That damn double bubble. You know the one. Where your pants so intrusively hit where your winter coat has decided to take temporary residency. I say temporary because by January 1st I will drink that Kool-Aid that promises a new you in the new year and hit the gym…or lets be real, my home DVD’s (because they work! #21dayfix). But nonetheless, here I sit, with my stretchy pants that feel less like stretchy and more like casing, sausage casing and I admire.
Admire? Don’t you mean lament?!
No, admire. To think of the delicious food I was blessed enough to consume and then consume some more…and more. Admire. To be grateful for the family I do have, through my own creation (framily:ie: friends that have become family) or that of Gods. Admire. To see the settling of a new season that promises me corny Christmas movies, magical lights, the music of angels and my sweet middle child’s birthday. This season, the season of winter, holidays and all things sugar is my happy time. And I don’t say that lightly. I say that knowing that I still struggle with abandonment, rejection and the perception of others. I say that knowing that my prayers for sobriety over loved ones seems to come unanswered, though I know this is not true. My timing is never His. I say that knowing that there are so many loved ones lost, to this life or the one that comes next. That their absence is palpable and the pain is as present as the day they left. I say that knowing that while this season was never meant to be about gifts, debt and unattainable “to do” lists, it will ultimately creep in and crowd out the reason for the season, the birth of our savior, Jesus.
“Today in the town of David a Savior has been born to you; he is the Messiah, the Lord. This will be a sign to you: You will find a baby wrapped in cloths and lying in a manger.” Suddenly a great company of the heavenly host appeared with the angel, praising God and saying, “Glory to God in the highest heaven, and on earth peace to those on whom his favor rests.” Luke 2:11-14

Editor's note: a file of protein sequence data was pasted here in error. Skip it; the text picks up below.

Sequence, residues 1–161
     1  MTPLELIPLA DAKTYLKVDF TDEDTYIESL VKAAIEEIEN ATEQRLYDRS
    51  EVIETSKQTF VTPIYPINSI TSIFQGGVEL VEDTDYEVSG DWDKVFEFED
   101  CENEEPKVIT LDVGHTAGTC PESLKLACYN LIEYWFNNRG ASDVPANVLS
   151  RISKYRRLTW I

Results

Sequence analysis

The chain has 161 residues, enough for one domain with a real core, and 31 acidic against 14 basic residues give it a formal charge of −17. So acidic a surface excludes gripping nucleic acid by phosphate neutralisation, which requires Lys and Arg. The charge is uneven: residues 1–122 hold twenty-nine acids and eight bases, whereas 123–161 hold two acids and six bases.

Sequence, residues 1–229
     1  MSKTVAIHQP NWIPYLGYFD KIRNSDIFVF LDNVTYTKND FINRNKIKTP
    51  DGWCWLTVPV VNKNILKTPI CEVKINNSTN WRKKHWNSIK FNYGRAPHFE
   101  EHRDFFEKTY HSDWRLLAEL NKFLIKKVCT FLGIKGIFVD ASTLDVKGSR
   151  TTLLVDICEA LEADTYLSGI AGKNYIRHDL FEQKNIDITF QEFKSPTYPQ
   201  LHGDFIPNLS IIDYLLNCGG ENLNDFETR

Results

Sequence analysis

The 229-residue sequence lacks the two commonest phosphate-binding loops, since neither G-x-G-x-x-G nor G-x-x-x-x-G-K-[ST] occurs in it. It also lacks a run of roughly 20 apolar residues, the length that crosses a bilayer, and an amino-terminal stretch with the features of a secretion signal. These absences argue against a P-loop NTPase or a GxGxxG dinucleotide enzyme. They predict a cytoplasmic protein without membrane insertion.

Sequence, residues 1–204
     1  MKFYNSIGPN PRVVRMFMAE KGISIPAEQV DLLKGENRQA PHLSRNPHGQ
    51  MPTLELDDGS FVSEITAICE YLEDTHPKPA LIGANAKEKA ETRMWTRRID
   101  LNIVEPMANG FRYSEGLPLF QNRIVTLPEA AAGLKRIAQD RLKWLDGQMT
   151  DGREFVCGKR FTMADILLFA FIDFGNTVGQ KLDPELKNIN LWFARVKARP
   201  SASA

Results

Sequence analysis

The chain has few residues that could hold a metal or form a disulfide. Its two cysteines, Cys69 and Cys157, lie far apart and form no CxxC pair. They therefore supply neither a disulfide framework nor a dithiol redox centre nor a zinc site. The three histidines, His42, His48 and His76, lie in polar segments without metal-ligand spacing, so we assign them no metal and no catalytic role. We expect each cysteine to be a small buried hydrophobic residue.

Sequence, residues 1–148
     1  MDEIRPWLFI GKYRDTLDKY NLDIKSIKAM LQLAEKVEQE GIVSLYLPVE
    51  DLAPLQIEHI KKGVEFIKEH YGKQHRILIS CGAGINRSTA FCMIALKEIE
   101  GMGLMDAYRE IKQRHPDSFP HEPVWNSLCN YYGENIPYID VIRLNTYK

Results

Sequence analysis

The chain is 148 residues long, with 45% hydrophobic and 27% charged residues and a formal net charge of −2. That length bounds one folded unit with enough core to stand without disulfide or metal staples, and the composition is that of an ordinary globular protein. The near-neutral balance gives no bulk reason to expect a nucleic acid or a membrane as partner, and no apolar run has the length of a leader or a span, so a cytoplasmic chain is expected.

While grief, sadness, depression and so many more debilitating diseases, symptoms and sicknesses can be what we feel, what we were dealt, it does not have to be what we are. Those words may describe our season but they don’t have to define it. We must own our thoughts, take them captive. “…we take captive every thought to make it obedient to Christ.” (2 Corinthians 10:5) We must surround our self in what is still good, His truth, His promise, our inheritance. An inheritance of peace, joy, relief and most importantly..no more pain, no more suffering. If social media brings you down, take a break. Remove it from your phone. If loneliness plagues you, invite people over or force yourself out. There are free events that you can safely sink into, unseen, but I challenge you to say hi, start up a conversation, open yourself up to a community, any community. If family hurts, then create your own. Set boundaries and protect yourself. Find that friend, that good listener, sit with them, share, let them be your earthly family when your biological one is not safe.
Friends, while this season can be saturated by sadness, it can also be overcome with hope. It can be restored, renewed and renamed…by you. When you need hope, be hope. When you need joy, be joy. When you need love, be love. Nothing restores the human soul faster than restoring the souls of others. It is how and why we were created. It was never about us but them. All the brothers and sisters of this good nation that need us to show up, speak up and be the image bearers of our dear savior’s birth. “Oh holy night, the stars are brightly shining…..”
Oh how I hope the stars will be shining over you in this season…..take heart, He has come and He overcame this world.
“I have told you these things, so that in me you may have peace. In this world you will have trouble. But take heart! I have overcome the world.” John 16:33